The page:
Considering the turmoil in the recycling sector in the previous 12 months, topics of discussion were not hard to come by at the 2018 RISI International Recycled Fiber and Containerboard Conference, held in December in Shenzhen, China.
Weng Haidong, the head of corporate development for Xiamen, China-based C&D Paper & Pulp, said the market for scrap paper globally and China will need to be “rebalanced” following the events of 2018, most notably including scrap paper import restrictions enacted by China and then other Asian countries.
He said the new scarcity of supply and high price of old corrugated containers (OCC) and scrap paper in general has been met with quick responses by China’s containerboard and packaging industries. This includes a move to packaging lightweighting as a means of consuming less fiber.
Regarding changes such as three-layer boxes replacing five-layer ones, or the use of plastic to replace containerboard, “Once these [substitutions] occur, they don’t change back,” declared Weng.
Weng said China’s paper industry likely will experience a 7 million-ton swing in trade in 2018 compared to the previous year. While China was a net exporter of some 5 million tons of finished paper in 2017, it likely will have been a net importer of 2 million tons in 2018.
In a panel discussion at the conference, Huang Zhengkan of China-based paper producer Shanying International said 2018 had resulted in a supply chain that “has become extremely complicated [and] time consuming,” but that Shanying is adjusting to the new circumstances.
Dan Cotter of United States-based Cellmark Recycling said the year had brought “chaos,” but remarked that “as a trader, chaos offers us opportunities.” He said the chaos also had “made life difficult for our customers and suppliers,” and that he sees “significant changes coming” to residential collection programs in the U.S., which largely have deployed single-stream systems this decade.
Mumbai-based trader Inder Aurora of Tradecom International Pvt. Ltd. said China’s tight quality restrictions had provided a “wake-up call to the world.” Recyclers, he said, “should not just talk about recovery rates, but talk about how scrap is collected.”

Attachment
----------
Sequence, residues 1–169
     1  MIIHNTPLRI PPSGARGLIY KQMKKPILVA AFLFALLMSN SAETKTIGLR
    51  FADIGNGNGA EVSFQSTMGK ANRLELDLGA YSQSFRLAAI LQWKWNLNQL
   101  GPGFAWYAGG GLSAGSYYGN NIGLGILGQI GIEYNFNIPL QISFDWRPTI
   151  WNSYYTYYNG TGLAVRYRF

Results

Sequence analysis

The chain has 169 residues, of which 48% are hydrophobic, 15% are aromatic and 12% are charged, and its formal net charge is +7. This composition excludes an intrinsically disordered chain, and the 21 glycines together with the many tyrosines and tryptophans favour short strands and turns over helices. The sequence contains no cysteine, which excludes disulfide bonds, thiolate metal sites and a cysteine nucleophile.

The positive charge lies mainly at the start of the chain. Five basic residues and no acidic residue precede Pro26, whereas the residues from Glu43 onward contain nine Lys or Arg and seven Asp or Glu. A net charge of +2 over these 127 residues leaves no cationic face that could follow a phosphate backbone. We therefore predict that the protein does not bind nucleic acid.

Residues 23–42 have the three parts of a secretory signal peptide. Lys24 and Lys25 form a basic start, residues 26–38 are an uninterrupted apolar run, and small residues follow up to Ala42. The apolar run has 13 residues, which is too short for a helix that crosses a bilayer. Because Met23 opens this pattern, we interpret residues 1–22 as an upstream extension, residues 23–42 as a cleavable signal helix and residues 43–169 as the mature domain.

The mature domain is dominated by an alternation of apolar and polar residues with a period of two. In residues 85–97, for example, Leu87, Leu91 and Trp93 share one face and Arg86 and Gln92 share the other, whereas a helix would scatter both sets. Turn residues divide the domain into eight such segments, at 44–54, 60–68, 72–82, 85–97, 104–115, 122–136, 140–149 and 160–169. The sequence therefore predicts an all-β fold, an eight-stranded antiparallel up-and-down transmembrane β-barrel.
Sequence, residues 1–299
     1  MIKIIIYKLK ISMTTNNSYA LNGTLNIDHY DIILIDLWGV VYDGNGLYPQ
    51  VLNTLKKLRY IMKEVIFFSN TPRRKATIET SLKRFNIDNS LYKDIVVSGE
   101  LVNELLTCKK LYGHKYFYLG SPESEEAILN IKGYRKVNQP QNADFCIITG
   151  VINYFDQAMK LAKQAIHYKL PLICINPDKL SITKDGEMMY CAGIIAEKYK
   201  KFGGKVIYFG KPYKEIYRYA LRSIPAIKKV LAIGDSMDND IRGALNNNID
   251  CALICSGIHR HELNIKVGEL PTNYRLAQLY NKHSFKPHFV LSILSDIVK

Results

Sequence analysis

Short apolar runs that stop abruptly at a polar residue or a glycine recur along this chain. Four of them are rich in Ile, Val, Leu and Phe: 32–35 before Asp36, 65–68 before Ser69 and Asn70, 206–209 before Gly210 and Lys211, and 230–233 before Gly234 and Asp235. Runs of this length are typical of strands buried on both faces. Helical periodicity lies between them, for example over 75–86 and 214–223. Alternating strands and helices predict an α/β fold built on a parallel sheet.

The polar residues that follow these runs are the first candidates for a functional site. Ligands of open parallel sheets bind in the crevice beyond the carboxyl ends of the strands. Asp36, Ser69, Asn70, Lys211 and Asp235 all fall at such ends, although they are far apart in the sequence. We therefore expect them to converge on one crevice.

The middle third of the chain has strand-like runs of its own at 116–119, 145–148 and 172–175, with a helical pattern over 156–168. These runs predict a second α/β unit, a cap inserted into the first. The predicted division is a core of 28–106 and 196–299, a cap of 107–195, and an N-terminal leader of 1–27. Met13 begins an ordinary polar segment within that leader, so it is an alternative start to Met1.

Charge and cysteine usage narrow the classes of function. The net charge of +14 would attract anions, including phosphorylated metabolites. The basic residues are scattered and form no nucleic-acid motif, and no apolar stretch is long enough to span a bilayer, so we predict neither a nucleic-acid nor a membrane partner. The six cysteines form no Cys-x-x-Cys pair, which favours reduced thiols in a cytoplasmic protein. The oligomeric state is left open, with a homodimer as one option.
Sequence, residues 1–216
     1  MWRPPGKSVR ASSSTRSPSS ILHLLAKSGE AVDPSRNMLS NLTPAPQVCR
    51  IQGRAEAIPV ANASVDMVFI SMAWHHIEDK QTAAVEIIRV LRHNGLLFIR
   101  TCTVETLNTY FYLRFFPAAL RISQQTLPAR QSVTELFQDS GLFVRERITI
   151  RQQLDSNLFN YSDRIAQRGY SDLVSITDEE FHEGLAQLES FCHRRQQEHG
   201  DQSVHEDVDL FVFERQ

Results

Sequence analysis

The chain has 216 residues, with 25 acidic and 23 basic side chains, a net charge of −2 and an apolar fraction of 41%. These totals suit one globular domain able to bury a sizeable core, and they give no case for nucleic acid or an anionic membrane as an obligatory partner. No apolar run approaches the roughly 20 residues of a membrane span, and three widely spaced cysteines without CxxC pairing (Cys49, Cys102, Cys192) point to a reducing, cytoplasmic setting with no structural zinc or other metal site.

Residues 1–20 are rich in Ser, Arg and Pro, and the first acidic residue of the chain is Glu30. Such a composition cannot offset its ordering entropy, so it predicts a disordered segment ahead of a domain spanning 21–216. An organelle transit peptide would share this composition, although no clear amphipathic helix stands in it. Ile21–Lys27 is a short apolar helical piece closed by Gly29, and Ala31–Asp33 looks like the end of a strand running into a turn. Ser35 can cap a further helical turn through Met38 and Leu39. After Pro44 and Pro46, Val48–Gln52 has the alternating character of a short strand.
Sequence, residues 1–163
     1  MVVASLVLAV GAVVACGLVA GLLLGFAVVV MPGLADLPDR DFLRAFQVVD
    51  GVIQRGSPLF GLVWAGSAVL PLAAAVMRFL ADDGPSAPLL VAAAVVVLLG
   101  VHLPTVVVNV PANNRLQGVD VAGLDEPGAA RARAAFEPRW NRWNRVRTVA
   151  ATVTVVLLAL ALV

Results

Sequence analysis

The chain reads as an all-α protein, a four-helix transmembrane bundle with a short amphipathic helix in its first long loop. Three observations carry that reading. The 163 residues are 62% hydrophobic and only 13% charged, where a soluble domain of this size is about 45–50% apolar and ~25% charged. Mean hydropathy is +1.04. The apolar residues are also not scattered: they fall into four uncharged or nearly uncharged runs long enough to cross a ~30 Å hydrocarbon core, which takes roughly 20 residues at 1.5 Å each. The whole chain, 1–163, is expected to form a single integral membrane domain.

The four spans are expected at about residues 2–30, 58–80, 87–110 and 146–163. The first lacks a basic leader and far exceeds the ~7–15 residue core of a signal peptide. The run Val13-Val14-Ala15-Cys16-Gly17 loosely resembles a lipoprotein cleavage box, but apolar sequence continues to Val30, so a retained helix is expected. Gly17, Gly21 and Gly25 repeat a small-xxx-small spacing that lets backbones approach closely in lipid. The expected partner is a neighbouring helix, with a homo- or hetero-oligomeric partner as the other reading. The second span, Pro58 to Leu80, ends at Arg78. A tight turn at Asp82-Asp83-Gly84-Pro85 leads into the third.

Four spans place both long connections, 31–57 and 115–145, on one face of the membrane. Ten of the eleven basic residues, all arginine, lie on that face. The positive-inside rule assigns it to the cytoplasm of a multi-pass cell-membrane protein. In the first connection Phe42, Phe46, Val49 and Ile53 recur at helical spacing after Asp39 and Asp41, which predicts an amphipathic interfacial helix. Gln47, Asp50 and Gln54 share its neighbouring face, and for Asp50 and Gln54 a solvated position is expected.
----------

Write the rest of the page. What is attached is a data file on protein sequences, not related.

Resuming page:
Rahul Kejriwal of New York-based Go Green/Kejriwal called the restrictions “a good decision” by China’s President Xi Jinping. He continued, “I think the last 20 years was a mistake,” adding “a lot of this paper should not have been made in China” with recovered fiber that was shipped half-way around the world.
Kejriwal said that while media coverage had portrayed America as the loser in China’s scrap restrictions, he disagreed both with that narrative and with Cotter’s concern about the single-stream system. “I think American single-stream is here for good,” he stated.
“China is going away as a market in two years. In that time, new capacity in North America and Europe will absorb this fiber—even mixed paper,” Kejriwal continued. “America will innovate, research and make adjustments to handle that fiber. They will not change their system to make China happy or to make India happy.” Kejriwal said his company is among those seeking to expand capacity in America and Europe, to the tune of some 5 million tons per year.
Regarding the 2018 woes of American paper recyclers, he added, “America applauds when someone fails and bounces back; it does not punish failure. It’s a big problem today, but they’ll solve it.”
Tang Yanju of the Beijing-based China Resource Recycling Association (CRRA) said within that nation the restrictions prompted mill operators to “establish that they are recycling plant operators,” taking a “more systematic approach to domestic recycling.” This means, she said, that “quality will be enhanced.”